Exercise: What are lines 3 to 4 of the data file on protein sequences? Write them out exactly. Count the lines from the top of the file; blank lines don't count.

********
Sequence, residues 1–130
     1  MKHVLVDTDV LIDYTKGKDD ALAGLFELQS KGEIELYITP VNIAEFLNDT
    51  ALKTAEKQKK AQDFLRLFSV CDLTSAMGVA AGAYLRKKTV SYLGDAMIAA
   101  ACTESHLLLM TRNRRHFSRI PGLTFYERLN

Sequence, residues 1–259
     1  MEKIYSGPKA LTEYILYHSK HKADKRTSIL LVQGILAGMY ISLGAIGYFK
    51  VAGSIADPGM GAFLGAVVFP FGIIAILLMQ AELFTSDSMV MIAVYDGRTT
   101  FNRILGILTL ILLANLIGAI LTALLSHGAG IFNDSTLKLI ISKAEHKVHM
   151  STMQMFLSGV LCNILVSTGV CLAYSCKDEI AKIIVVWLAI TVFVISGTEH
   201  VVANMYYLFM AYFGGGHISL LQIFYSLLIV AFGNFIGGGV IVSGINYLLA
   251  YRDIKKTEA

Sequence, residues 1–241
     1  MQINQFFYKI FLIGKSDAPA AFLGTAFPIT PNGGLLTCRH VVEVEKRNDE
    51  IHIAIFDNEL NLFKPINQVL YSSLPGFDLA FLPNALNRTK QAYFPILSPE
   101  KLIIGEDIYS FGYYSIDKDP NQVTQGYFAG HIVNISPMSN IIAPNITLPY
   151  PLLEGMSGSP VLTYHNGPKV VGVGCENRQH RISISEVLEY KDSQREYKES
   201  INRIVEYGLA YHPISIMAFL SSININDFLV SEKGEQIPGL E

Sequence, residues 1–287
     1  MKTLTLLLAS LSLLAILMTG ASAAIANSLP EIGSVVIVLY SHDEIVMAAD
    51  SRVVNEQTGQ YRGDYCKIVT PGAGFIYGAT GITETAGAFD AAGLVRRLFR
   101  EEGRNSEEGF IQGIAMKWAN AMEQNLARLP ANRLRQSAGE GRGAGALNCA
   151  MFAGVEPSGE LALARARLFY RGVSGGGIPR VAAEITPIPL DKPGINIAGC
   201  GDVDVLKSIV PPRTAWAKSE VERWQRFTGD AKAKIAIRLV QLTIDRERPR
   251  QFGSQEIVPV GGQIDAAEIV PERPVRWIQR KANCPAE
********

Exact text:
    51  ALKTAEKQKK AQDFLRLFSV CDLTSAMGVA AGAYLRKKTV SYLGDAMIAA
   101  ACTESHLLLM TRNRRHFSRI PGLTFYERLN